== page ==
$7 Panel Update

Curt wants to cover a motorhome shed with these modules. Great idea! I have suggestions on implementing that and an update on performance. Here’s a hint…they’re great!

They are not too fussy about leaves and clouds, giving the great potential for a carport cover. They won’t seal out the rain completely, but I think you can get pretty close to it.

A material Courtney and I used on his Solar Pergola project in 2016 (above) would be ideal for Curt’s carport: greenhouse channel. Bet you never heard of it! Think of the capital letter H, but with two crossbars. Now turn it sideways and stretch it very long. OK, maybe that isn’t working for you, but the stuff is an H-channel extrusion of clear polycarbonate or LEXAN(tm). Courtney’s panels were laminates, without the aluminum frames, much like these $7 panels made by first solar. (These laminates are pictured in the image above, not the $7 panels) Just slip the panels into the channels. In the area between the double crossbars, a no-man’s land between the channels, the occasional screw and fender washer will keep things secured to the purlins.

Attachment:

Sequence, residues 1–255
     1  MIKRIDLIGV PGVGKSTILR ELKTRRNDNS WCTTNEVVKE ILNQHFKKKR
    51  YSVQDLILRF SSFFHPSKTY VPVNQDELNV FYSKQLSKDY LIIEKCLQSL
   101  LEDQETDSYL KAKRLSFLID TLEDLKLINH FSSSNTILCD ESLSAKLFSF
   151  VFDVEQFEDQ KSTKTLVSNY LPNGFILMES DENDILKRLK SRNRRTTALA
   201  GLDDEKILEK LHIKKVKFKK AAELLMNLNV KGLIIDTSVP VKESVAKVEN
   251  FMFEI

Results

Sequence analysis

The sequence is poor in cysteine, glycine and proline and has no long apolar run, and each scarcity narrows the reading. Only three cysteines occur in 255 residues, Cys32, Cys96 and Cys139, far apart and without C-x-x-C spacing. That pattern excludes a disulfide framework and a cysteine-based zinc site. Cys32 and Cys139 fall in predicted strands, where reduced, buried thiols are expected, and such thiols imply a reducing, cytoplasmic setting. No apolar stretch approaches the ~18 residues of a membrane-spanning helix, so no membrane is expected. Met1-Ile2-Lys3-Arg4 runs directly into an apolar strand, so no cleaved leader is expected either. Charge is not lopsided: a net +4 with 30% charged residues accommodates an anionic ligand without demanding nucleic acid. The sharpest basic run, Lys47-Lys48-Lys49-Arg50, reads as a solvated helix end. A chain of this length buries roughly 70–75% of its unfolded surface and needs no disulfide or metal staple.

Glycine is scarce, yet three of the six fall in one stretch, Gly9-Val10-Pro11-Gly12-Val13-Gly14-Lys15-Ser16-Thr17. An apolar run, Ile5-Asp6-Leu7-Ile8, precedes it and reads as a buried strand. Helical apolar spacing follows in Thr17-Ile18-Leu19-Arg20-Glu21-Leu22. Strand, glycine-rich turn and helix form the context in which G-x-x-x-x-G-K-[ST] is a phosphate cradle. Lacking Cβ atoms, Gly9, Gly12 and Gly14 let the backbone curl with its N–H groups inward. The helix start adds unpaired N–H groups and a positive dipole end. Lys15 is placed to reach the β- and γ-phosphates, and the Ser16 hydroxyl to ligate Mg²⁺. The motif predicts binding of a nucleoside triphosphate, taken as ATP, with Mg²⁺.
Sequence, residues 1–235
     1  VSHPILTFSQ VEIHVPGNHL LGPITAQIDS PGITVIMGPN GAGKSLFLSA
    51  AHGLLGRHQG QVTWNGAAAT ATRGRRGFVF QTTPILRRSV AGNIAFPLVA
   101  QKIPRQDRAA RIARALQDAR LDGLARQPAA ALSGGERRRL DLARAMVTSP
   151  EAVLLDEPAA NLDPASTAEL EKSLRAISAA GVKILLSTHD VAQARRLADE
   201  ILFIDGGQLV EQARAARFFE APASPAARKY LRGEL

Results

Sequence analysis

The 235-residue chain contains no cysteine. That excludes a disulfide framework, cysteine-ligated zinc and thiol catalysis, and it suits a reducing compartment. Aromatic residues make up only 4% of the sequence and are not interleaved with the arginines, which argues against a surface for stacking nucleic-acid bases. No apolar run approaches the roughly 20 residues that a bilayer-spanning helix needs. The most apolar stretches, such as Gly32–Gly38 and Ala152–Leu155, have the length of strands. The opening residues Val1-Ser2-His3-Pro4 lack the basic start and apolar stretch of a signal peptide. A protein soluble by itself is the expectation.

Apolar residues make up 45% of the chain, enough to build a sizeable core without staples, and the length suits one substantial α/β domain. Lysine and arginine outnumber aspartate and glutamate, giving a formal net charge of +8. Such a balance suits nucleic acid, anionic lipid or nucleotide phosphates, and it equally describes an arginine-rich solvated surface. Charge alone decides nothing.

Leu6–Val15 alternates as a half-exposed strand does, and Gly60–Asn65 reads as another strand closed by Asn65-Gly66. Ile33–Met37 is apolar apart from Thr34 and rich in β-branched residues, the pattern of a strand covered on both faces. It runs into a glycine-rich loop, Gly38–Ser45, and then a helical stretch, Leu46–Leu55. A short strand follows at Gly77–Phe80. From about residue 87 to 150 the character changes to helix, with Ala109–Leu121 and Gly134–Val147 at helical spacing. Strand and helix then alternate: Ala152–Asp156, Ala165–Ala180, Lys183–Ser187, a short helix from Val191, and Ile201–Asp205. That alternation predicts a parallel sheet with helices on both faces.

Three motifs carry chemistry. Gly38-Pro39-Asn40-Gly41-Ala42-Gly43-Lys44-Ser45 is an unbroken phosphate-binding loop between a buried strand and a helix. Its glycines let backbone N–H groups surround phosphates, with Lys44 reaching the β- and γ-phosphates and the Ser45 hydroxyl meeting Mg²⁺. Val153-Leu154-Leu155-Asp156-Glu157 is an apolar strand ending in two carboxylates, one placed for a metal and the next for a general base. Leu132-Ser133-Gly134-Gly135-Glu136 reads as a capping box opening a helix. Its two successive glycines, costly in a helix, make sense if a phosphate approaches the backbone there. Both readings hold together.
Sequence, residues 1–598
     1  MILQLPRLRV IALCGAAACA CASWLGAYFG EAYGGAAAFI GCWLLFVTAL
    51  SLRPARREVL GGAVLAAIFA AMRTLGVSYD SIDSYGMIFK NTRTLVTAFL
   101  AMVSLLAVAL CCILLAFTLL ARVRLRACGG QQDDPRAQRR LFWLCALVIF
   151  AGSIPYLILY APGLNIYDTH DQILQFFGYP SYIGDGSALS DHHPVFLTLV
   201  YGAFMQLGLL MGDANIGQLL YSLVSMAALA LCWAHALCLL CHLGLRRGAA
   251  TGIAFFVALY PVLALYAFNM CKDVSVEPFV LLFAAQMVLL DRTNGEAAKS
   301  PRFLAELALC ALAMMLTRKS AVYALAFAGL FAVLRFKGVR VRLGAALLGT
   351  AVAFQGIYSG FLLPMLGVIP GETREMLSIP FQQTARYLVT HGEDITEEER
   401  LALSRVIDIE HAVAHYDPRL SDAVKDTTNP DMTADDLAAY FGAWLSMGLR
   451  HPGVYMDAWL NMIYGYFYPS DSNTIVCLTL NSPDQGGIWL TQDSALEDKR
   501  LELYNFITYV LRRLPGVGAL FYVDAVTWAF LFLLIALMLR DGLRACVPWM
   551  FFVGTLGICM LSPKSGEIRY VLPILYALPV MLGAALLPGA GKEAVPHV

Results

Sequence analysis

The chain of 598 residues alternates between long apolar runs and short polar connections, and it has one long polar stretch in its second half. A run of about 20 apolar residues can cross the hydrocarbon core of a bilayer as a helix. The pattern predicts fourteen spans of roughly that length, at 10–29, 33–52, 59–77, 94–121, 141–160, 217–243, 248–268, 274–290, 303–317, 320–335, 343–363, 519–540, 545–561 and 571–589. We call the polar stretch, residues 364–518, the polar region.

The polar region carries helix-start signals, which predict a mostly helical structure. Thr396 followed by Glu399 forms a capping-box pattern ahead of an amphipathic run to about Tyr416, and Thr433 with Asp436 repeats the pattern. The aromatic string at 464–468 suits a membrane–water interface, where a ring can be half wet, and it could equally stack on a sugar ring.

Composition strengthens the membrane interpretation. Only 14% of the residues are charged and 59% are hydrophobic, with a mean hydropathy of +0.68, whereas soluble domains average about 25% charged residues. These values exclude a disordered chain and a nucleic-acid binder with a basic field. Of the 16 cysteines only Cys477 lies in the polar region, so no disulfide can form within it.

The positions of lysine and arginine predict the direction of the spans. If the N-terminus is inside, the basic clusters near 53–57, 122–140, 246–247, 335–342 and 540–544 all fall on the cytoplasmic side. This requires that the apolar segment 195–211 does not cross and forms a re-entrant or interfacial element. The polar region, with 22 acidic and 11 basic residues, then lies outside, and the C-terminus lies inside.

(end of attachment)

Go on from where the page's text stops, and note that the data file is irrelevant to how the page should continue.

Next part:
Slip the panels into the channels on the side. Use a screw and a stainless fender washer through the center section.

These 70 watt panels are a bit larger per watt that the framed panels you usually see, so one pallet of 50 should be plenty for a carport, leaving a few extras in case you should get careless.

It is kind of hard to see something that is clear! The washers are on the centerlines of the channels and if you look closely you can see a hint of the channel over the edges of the laminates. The $7 panels should work great this way.

The output is around 90 volts, so you’ll end up with a number of daisy-chained strings. For a battery system, you will do well to simply connect them all in parallel.

The black horizontal panels on the right are the actual $7 panels. I did not use the original clamps or the greenhouse channel as this was to be a quick experiment and I cracked a couple of them. They still work fine. Don’t crack yours…use the channel.

I know that I have promised some comparative data for the ones I installed at the Solar Shed, but “stuff happens.” I have taken data sporadically and can assure you that they perform very well, exceeding the performance of similarly rated poly panels.

This is the “factory” way of mounting these panels, but it would really leak in a carport application.

A carport is just one of the many things you can do with these. At a dime a watt, they are good cheap fun for all manner of projects. You will find them listed on the sunelec.com home page. Last I checked, John had enough of them to cover a small town.–Neal